There are three different styles when it comes to the body of an upright bass: gamba, violin, and the far less common busetto. The look of the bass is more of a personal choice, though there can be some physical differences between the styles.
Upright bass players use either a French bow or a German bow, sometimes called a Butler bow. The difference lies in how the bow is held. French bows are similar to other string instruments in size and shape and are held in an overhand position, with the palm facing the bass. Those who use a French bow say it’s easier to play certain kinds of notes, such as staccato notes.
The Butler bow is the older of the two styles. It’s a wider and longer bow, and the player holds their palm angled upward in a “handshake” position. Proponents of the Butler bow claim it gives the arm better leverage to play notes with more weight.
Students may be given one style of bow over the other, but for experienced players, it’s a matter of personal preference.
The style of music you intend to play may influence your choice of instrument, especially in terms of materials. People in symphony orchestras generally choose fully carved instruments because “pure” sound is paramount. Players performing rockabilly and bluegrass go with plywood due to the more intense nature of their playing; they “slap,” “crack,” and pluck the bass far more aggressively. Hybrids are appropriate for many styles of music and provide a happy medium in terms of resonance (with their carved tops) and durability (with less likelihood of cracks due to their plywood elements).
Though most upright basses are wood tones, you can find custom instruments that have been painted. Some electric upright basses are vibrantly colored. If you want to add a bit of flair to your playing, there are multicolored strings available.
Not all instruments come with a case, but for wooden instruments of any kind, it’s important for safekeeping and temperature control to have a case. Many players utilize soft “gig bags,” some of which are padded and provide space for the bow. Padded gig bags with backpack straps are available to carry the bass on your back. Professionals often have hard travel cases, which may cost thousands and are not necessary for the more casual player.
Endpin rest: Trophy 4080 Rock Stop Bass Endpin Rest
The endpin is a small but sturdy pin descending from the bottom of the instrument that can be adjusted to the player’s height so they can comfortably hold and play the bass. An endpin rest is a small disc made of grippy material that holds the endpin in place on the floor. TROPHY’s endpin is reasonably priced and designed to keep the instrument stable.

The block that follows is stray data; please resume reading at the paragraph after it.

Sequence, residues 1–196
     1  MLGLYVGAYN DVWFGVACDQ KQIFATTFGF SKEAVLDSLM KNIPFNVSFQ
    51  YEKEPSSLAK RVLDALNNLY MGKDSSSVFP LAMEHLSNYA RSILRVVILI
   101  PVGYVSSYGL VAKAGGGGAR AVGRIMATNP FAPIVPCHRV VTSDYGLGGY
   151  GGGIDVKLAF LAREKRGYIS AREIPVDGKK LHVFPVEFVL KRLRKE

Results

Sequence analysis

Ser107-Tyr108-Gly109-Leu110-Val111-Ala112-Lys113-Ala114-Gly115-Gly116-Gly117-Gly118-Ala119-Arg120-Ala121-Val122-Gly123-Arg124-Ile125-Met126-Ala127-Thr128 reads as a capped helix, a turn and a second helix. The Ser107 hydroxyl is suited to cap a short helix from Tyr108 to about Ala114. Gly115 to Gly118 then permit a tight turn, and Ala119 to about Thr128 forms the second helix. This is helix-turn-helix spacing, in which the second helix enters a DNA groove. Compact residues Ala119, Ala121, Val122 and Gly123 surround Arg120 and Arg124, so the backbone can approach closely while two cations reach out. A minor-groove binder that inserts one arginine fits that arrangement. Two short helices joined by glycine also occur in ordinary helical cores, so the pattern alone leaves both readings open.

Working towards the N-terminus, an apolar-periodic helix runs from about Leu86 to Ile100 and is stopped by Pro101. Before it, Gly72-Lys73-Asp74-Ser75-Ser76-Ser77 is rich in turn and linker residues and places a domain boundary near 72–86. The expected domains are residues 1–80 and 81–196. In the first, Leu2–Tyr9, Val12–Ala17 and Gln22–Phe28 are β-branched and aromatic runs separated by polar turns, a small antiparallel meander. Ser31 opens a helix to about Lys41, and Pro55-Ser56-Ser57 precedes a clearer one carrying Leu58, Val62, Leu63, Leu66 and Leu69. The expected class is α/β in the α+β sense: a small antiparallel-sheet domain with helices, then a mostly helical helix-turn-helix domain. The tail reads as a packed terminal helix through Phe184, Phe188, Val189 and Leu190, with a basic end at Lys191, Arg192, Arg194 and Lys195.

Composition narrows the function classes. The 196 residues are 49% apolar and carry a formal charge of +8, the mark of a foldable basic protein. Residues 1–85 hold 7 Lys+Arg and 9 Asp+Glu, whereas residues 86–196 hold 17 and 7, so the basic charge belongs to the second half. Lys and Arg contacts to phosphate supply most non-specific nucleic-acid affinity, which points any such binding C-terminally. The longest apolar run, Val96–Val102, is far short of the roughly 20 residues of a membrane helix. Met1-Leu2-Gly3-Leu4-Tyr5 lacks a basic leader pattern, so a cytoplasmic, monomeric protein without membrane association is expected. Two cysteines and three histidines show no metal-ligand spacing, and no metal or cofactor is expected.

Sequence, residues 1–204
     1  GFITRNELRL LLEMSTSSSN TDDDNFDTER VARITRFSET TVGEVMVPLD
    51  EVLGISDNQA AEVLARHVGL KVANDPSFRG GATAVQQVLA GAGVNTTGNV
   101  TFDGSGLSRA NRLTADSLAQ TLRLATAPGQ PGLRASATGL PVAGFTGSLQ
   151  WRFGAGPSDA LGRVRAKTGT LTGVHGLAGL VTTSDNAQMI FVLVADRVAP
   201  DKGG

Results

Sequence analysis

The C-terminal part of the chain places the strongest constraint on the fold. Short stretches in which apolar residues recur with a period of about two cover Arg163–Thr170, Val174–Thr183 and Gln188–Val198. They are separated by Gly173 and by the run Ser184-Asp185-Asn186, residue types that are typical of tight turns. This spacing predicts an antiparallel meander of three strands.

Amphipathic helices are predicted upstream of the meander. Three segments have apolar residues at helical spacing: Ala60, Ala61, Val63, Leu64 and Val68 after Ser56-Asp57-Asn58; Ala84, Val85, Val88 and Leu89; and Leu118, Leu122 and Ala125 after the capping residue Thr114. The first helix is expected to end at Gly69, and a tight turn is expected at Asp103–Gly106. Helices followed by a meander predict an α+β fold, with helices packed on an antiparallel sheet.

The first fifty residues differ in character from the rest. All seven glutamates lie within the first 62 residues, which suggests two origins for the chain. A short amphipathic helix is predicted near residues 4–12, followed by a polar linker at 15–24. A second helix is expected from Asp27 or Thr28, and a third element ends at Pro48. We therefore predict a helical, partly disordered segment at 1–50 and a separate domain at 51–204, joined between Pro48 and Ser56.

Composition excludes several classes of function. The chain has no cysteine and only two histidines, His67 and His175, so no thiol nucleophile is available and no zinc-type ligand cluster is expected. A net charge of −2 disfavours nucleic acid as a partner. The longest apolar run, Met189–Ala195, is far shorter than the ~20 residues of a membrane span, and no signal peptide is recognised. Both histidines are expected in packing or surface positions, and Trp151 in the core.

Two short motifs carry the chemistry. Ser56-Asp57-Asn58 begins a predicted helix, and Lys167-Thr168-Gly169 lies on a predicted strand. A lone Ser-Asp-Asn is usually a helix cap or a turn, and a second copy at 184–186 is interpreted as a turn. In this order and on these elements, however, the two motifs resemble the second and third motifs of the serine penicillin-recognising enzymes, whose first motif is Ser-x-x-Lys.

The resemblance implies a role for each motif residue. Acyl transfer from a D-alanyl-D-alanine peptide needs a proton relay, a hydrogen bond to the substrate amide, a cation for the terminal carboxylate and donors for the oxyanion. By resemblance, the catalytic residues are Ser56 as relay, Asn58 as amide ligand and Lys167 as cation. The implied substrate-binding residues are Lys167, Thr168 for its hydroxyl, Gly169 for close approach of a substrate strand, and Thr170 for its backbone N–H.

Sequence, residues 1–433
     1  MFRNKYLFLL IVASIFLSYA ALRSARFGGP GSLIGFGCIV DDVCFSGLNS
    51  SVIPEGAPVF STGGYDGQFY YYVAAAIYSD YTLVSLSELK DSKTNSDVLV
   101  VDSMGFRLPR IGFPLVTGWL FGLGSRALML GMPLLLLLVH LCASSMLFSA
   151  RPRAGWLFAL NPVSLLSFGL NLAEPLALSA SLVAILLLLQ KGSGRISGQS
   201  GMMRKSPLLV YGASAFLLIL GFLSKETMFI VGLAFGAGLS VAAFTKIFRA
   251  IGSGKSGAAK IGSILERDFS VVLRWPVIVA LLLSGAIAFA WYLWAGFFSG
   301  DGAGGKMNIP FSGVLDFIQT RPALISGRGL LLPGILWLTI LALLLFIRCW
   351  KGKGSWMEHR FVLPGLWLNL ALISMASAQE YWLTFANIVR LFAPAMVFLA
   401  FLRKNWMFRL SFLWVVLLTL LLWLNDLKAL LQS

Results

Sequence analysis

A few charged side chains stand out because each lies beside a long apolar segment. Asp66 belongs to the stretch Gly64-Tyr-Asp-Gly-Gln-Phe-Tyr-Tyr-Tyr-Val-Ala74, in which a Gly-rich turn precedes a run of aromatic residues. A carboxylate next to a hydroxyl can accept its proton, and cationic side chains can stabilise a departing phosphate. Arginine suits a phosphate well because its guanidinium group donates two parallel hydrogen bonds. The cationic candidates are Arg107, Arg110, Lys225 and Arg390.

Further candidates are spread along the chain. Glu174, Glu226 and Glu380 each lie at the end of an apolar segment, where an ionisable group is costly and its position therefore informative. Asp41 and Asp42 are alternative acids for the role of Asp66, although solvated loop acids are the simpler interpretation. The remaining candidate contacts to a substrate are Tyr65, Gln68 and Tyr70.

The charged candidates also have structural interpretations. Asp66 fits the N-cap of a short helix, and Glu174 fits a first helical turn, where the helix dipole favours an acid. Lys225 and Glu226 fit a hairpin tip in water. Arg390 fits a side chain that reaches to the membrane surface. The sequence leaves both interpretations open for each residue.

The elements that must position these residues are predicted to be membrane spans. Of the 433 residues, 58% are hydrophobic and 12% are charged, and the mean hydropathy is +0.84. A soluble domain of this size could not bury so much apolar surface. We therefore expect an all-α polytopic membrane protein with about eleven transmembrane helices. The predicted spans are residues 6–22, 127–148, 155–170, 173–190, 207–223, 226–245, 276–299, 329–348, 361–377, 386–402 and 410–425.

Strings: Thomastik-Infeld Spirocore 3/4 Upright Bass String Set - Medium Gauge
Upright bass strings can be made out of different materials and are available in different tensions, or “weights,” be it light, medium, or heavy. The tone differences are negligible, so choose what feels best to your fingers and bow. We like this medium-gauge set from Thomastik.
Stool: Odyssey Adjustable DJ Chair
Not all players sit while playing, but it can be useful while practicing for longer intervals. Choose a stool of the right height — you still want to be able to reach the whole fretboard and comfortably bow, if needed.
Many upright bass players can easily transfer their skills to the electric bass guitar.
Inexpensive: Between $800 and $1,500, you can find beginner basses and those made of plywood/laminate. Student basses are included in this price range.
Mid-range: From $1,600 to $3,000 are hybrid instruments of solid quality. Instruments in this price range may come with gig bags, strings, and a bow.
Expensive: For $3,000 and over, you’re likely to receive a professional-grade, fully carved, or excellent-quality hybrid upright bass. You may or may not find strings and a bow included because, at this price, players have specific accessory preferences. These instruments may come in a high-quality gig bag.
A. It depends on your size. You want to be able to comfortably reach both low and high registers on the neck, whether you’re sitting or standing while playing. If you’re unsure, visit a music shop in your area and talk to someone who knows string instrument sizing.
A. Yes. Renting is a great way to get familiar with the instrument and decide if it’s right for you. Buying an upright bass is a huge investment, so consider renting and taking lessons before purchasing your own.
A. Yes. Learning how to bow is part of learning how to play a string instrument. Moreover, many styles of music utilize the bowed bass sound, so it’s beneficial to know how to do it.
A. An electric bass is an upright bass that must be plugged in and amplified to be heard. Its resonance and construction materials differ from those of an acoustic instrument, and they tend to be physically smaller. An electric bass guitar is just that — a guitar. It is held on the body and played by pick or finger and cannot be bowed. It, too, must be amplified to be heard.